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Thursday, May 01, 2008 1:11 AM


Bank of England Fears Financial Meltdown


The BBC is reporting Banks warned over lending fears.

The Bank of England has warned that banks' fears of a financial meltdown may become a self-fulfilling prophecy. Banks previously over-willing to lend are now too reluctant, even with credit-worthy borrowers, it suggests.
My Comment: The psychology of deflation sets in. Banks are unwilling or unable to lend.
This increased fear of risk has itself undermined confidence in financial institutions and made them reluctant to lend to each other, the Bank adds.
My Comment: This is what happens when banks have a bloated balance sheet and deteriorating assets.
Its financial stability report suggests the credit exposure not declared by UK banks may be near to £100bn. The quarterly report says that there is a "significant increase" in the risk that a major bank collapse or reluctance to lend will disrupt the financial system.

In its quarterly Financial Stability Report, the Bank of England warns that there are potentially large exposures that have still not been declared by financial institutions.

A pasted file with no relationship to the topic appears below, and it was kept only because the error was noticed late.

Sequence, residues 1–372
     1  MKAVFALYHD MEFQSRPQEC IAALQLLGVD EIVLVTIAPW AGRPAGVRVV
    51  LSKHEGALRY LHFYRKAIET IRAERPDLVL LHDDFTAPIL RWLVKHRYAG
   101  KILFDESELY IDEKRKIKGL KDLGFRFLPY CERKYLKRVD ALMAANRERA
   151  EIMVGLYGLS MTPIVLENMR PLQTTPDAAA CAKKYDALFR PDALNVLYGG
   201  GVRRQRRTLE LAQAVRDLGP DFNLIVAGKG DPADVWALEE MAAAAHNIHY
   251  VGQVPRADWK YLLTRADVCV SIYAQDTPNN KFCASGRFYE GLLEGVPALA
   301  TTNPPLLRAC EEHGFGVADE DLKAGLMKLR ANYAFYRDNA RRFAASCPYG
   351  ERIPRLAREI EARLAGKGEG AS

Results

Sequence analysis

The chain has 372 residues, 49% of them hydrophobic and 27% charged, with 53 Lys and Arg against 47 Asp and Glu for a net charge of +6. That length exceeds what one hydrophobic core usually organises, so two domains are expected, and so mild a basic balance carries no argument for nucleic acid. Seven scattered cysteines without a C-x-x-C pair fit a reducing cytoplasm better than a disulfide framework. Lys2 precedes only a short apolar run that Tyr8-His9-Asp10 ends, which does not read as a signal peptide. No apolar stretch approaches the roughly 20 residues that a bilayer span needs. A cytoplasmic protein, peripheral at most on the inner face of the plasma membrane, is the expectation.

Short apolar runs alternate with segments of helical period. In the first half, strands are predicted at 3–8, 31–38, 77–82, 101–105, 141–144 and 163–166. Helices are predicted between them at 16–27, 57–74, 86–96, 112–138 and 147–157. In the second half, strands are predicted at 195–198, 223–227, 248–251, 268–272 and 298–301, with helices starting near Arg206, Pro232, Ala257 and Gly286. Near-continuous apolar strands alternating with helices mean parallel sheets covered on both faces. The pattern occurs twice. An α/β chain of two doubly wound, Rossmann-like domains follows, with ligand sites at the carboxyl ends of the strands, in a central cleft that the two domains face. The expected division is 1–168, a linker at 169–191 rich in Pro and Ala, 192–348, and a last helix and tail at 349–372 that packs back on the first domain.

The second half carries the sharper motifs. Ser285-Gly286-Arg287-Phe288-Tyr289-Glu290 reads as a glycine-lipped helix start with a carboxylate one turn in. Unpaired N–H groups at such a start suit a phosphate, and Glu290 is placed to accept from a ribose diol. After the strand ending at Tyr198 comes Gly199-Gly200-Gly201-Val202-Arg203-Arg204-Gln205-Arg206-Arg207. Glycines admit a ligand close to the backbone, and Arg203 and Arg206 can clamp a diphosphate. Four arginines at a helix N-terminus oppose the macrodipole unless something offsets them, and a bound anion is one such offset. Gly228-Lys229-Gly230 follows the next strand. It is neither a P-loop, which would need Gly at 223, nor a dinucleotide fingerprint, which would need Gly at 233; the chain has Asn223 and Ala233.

My Comment: That suggests that banks may have insufficient capital to lend whether someone is a good credit risk or not.
However, the Bank points out that the freezing up of markets has meant that these estimated losses may be inflated because of the difficulty of pricing the complex securities which are now very difficult to value.

It says that "credit losses from the turmoil are unlikely ever to rise to levels implied by current market prices unless there is a significant deterioration in fundamentals."

And it estimates that total sub-prime losses could be reduced from $400bn to $200bn once market conditions return to normal.
My Comment: Market conditions may not return to "normal" for decades, if "normal" means anything like we have seen for the past 5 years. Otherwise, normal is likely to be years. Whatever "normal" means, talk of reduced loan losses is fantasy.